A basic condition that drives scrutiny of disease at the molecular level is the increasing evidence that most disease is heterogeneous. That is, many diseases—especially cancer—differ in significant ways in their expression because of alternative molecular processes. We’ve long said that cancer is not one but 100 diseases, but now it seems clear that even within a category like breast cancer or leukemia there are many more sub-categories that are clinically significant. Finding the right effective treatment process may require differentiating small genetic differences and having treatment approaches specific to those differences. The ultimate end of this is “personalized medicine”: every person’s disease may differ somewhat in its character and take different treatment. The trick is to identify significant traits precisely and to find corresponding “targeted” approaches. To find a way that is both effective and safe is very complex.

Indeed, cancer is perhaps the champ in a category of diseases referred to in biotech circles as “complex, polygenic” diseases. That means the disease is very complex in its fundamental biology, and it has more than one significant genetic factor. No one-gene diseases in this class of bad boys; a whole handful of genes may play a significant role. Moreover, they may fluctuate over time and dealing with the disease may mean affecting a whole set of genetic factors.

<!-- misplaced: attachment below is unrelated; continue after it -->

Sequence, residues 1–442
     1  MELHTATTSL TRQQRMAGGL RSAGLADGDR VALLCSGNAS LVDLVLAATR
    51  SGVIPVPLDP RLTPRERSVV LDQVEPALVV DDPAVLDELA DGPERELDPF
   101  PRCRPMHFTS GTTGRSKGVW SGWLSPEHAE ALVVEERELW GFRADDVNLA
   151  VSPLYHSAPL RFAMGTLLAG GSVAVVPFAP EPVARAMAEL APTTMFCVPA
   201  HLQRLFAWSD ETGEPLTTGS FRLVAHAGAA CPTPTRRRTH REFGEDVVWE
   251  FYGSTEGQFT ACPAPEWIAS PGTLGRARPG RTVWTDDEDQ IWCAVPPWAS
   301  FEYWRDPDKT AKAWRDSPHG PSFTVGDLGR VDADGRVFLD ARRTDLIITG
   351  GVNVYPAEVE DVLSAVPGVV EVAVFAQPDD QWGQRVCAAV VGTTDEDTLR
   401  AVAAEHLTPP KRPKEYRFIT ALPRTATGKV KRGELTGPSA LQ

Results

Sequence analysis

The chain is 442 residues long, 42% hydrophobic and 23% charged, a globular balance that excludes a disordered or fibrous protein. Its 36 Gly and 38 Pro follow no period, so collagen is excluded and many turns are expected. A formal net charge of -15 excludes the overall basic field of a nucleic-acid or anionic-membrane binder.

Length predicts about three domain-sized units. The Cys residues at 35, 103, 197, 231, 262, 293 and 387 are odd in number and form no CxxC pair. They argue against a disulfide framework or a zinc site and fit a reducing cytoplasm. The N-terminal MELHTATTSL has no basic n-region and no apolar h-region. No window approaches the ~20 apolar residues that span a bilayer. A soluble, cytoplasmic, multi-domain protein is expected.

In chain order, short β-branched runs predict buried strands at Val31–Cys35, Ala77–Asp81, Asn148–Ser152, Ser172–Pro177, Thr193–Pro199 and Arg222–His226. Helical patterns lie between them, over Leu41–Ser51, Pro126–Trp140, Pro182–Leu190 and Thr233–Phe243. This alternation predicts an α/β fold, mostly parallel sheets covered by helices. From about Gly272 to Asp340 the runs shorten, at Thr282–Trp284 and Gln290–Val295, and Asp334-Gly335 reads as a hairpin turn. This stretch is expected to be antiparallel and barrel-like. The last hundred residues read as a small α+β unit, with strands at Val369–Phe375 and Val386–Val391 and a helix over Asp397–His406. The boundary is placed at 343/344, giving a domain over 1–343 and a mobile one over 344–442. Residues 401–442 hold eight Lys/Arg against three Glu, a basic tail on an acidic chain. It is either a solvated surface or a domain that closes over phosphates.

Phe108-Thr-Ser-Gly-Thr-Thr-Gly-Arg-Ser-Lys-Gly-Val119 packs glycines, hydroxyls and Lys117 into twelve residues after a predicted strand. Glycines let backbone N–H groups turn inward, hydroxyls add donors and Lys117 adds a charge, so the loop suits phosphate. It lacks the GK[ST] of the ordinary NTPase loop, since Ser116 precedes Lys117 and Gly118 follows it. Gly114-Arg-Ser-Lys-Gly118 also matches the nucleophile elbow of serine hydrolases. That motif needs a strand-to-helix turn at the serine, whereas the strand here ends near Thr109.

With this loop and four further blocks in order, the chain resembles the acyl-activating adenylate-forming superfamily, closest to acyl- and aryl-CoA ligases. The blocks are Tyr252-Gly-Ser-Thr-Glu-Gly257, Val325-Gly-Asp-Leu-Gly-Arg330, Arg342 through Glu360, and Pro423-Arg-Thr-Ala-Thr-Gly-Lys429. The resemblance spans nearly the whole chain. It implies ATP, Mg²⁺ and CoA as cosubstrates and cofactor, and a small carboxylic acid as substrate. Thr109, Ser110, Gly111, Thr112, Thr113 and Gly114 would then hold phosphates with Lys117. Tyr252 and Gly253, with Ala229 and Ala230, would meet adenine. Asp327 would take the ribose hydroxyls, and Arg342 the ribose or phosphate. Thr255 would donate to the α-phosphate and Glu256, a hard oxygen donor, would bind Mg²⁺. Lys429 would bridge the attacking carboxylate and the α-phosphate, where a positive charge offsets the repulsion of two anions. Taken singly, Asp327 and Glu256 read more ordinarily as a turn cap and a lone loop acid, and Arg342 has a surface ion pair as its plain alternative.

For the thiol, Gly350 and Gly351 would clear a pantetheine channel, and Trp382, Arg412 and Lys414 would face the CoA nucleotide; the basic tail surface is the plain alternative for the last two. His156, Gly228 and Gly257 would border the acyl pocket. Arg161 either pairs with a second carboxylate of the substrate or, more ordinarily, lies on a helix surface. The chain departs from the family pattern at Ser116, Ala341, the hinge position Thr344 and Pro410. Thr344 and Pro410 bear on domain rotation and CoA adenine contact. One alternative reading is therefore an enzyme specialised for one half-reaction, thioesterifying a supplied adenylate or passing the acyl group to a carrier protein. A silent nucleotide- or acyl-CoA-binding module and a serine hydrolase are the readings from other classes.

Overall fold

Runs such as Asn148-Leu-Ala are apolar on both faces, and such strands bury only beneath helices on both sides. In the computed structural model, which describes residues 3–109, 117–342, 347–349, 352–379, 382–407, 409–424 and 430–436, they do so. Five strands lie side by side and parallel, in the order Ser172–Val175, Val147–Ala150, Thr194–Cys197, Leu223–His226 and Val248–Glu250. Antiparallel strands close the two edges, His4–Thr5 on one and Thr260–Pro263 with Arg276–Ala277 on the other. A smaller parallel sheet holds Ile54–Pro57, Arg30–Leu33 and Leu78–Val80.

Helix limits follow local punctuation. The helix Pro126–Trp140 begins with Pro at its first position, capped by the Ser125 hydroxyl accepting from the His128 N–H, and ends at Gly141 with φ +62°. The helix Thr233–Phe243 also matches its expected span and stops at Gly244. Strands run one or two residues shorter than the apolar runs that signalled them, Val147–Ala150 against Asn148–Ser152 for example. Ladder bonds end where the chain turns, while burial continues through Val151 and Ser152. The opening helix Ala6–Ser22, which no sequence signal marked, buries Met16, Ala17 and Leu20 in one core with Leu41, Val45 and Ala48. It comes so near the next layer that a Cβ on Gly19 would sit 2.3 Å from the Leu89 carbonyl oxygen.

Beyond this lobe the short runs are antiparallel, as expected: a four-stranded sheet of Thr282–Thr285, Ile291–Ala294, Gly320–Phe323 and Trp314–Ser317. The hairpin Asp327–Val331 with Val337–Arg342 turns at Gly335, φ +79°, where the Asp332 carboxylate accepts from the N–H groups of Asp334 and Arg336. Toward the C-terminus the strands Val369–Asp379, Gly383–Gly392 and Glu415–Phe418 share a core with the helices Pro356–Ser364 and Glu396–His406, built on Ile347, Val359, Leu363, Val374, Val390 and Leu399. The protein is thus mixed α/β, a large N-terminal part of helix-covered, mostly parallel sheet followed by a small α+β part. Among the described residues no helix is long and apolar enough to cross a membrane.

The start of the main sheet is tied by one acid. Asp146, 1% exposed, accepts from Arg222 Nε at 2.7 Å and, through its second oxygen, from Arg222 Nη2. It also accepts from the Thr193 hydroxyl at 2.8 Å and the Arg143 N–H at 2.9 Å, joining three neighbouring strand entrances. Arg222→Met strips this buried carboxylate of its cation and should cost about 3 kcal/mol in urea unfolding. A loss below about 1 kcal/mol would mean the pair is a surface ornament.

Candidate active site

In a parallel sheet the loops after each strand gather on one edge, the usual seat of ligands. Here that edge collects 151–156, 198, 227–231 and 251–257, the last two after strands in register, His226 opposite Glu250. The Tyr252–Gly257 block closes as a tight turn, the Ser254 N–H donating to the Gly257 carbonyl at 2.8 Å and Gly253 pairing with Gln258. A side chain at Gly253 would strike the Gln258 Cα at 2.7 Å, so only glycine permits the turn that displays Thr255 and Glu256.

So sessions at the conference went into depth on work underway at biotech and pharma labs on diagnostic arrays, DNA markers to predict response to drugs, proteomics, new technology for biological assays of various types, epigenetics, blood-based biomarkers, molecular profiles that indicate pre-malignant states for earlier detection of cervical cancer, all kinds of biomarkers for drug development, and on and on. Pick up a copy of Nature at your newsstand to follow the shoptalk.

Many of the sessions were suggestive of tools and techniques to be brought to market in the future that will be of help in the detection and treatment of cancer. Tests, devices and techniques are in the works to provide information for all phases of disease processes: predisposition to disease, disease differentiation, disease progression, drug selection, dose selection, drug reaction, and toxicity. All in all, the premise is that it is possible to make the diagnosis of disease and prescribing effective interventions more rational. Instead of prescribing and then waiting to see the reaction, the whole thing should be made more precise and predictable.

But it was apparent from the excruciating refinement of some of the lab work and the tentative way they described the road ahead that no one should rush out to proclaim that The Cure for anything is just around the corner. The sessions are a confrontation with reality: making even incremental progress is hard, hard work and going from the lab to the clinic is no certain thing. The complex diseases are being chipped away at. Nothing about it is easy. And yet you have to feel optimistic. There is tantalizing progress on many fronts and there’s got to be payoff down the road. And nothing is getting more attention than cancer.

Next: The Molecule Biz

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  1. I think your comment on Molecular Medicine is very informative in my view
    We’re in the outer regions of medical knowledge, and none of us knows what you should do. So you have to make the decision, based on your values.

  2. These terms indicate how fully the frontiers of medical science have shrunk toward intense study of disease at the molecular level.